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  • Prevalence of Twiddler’s Syndrome May Be Higher in the Internal Pulse Generators Harboring One Anchoring Hole Than Two Anchoring Holes.

    Final Number:
    275

    Authors:
    Michael Roman Sobstyl MD, PhD; Miroslaw Zabek MD, PhD; Grazyna Brzuszkiewicz-Kuzmicka MD, PhD; Tomasz Pasterski MD

    Study Design:
    Clinical Trial

    Subject Category:
    Movement Disorders

    Meeting: 2016 ASSFN Biennial Meeting

    Introduction: Twiddler syndrome (TS) is described as a spontaneous rotation or intentional external manipulation of implanted cardiac or occasionally deep brain stimulation (DBS) devices (1,2). The predisposing factors for development of TS include advanced age with more loose subcutaneous tissue, adipose patients with thick tissue layer precluding proper immobilization of internal pulse generator (IPG), creation of excessively large pocket or obsessive-compulsive behavior (3,4). Additional factor related to the construction of the implanted hardware itself may be the number of anchoring holes in the IPG.

    Methods: A prospectively collected database of all hardware related complications for patients operated on at the Neurosurgical Department of Postgraduate Medical Center of Warsaw was performed. In a total number of 347 leads implanted in 211 patients since 1999 we have identified 3 patients diagnosed with TS. All 3 patients with TS in our series were implanted with the IPG harboring one anchoring hole. This complication did not occurred in patients with the IPG harboring two anchoring holes.

    Results: All 3 patients underwent revision surgery. During reoperations all IPGs were replaced and sutured with one additional silk suture through the plastic housing of the IPG to immobilize it properly in subcutaneous pocket. There were no recurrences of TS in our patients. All patients gained the previously derived benefit from STN DBS.

    Conclusions: Our case series suggests that a predisposing factor of TS may also be the construction of IPG itself (one anchoring hole intended for fixation) which naturally represents less fixation of the IPG to the fascia or muscle in the subcutaneous pocket. This preliminary report may favor the IPG with two anchoring holes which is less prone for development of TS. Placing additional silk suture that pass through a plastic housing of the IPG may help better immobilize the IPG and reduce the occurrence of TS.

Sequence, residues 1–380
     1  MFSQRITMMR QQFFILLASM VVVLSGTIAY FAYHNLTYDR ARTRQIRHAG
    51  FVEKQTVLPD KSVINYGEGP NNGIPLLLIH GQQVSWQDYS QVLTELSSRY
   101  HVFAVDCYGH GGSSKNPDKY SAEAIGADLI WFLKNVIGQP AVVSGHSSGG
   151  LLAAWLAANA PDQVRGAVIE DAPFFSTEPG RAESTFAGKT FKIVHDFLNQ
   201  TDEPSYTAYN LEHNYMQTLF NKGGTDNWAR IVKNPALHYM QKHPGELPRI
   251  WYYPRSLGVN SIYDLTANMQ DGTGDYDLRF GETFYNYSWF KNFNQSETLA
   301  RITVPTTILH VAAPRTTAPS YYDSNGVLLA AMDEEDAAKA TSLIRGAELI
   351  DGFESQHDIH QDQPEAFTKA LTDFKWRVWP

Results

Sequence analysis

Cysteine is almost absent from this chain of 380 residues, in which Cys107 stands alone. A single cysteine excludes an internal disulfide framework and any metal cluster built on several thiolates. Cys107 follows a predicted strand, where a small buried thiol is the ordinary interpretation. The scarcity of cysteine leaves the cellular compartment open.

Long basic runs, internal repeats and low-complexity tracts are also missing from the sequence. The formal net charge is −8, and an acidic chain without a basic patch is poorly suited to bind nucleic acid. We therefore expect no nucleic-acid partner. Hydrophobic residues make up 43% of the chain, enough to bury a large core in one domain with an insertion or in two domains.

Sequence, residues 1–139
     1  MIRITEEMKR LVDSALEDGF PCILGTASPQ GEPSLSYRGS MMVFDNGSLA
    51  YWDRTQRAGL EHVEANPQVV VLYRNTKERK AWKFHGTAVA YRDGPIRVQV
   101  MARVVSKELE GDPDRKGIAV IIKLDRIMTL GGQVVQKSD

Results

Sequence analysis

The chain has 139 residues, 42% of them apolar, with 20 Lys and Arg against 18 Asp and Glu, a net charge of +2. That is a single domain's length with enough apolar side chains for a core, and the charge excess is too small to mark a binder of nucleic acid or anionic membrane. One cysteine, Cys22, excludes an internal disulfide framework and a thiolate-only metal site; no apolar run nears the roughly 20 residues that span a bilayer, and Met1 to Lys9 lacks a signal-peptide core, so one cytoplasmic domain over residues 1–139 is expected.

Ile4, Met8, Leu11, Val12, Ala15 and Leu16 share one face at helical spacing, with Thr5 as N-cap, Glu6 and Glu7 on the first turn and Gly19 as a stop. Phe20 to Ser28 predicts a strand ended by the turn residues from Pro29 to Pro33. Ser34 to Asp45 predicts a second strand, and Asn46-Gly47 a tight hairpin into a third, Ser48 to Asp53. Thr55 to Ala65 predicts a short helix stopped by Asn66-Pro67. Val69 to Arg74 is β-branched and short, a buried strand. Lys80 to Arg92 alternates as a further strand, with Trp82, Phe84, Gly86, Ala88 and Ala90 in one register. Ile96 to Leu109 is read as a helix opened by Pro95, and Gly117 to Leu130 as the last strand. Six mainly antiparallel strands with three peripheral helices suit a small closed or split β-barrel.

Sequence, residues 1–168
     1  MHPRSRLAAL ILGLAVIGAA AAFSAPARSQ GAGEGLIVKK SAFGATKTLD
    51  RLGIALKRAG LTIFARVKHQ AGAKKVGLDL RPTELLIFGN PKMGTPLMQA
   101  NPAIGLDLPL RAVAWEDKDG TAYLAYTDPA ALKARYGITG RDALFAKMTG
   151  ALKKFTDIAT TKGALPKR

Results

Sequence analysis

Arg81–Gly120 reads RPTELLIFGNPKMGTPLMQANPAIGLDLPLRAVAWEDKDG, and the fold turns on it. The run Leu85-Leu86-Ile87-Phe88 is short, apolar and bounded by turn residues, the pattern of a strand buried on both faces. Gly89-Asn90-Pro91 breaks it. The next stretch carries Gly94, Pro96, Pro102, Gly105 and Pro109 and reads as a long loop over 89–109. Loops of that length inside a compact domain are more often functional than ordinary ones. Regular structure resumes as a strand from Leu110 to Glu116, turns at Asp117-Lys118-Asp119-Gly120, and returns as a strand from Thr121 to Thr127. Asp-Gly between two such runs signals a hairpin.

Patient Care: This report stresses that internal pulse generators with two anchoring holes may have lower incidence of Twidller syndrome than internal pulse generators with one anchoring hole. Placing additional silk suture that pass through a plastic housing of the IPG may help better immobilize the IPG and reduce the occurrence of TS.

    Learning Objectives: The main learning objectives of this report are as follows: 1) To recognize Twidller syndrome. 2) To know the predisposing factors related to Twidller syndrome. 3) To stress the importance of proper fixation of the internal pulse generator in the subcutaneous poket. 4) To manage surgically this uncommon hardware-related complication.

    References: [1] Bayliss CE, Beanlands DS, Baird RJ: The pacemaker-twiddler's syndrome: a new complication of implantable transvenous pacemakers. Can Med Assoc J 1968; 371-373. [2] Geissinger G, Neal JH: Spontaneous twiddler's syndrome in a patient with a deep brain stimulator. Surg Neurol 2007;68:454-456. [3] Burdick AP, Okun MS, Haq IU, Ward HE, Bova F, Jacobson CE, Bowers D, Zeilman P, Foote KD: Prevalence of Twiddler's syndrome as a cause of deep brain stimulation hardware failure. Stereotact Funct Neurosurg 2010;88:353-359. [4] Machado AG, Hiremath GK, Salazar F, Rezai AR: Fracture of subthalamic nucleus deep brain stimulation hardware as a result of compulsive manipulation: case report. 2005;57:E1318.

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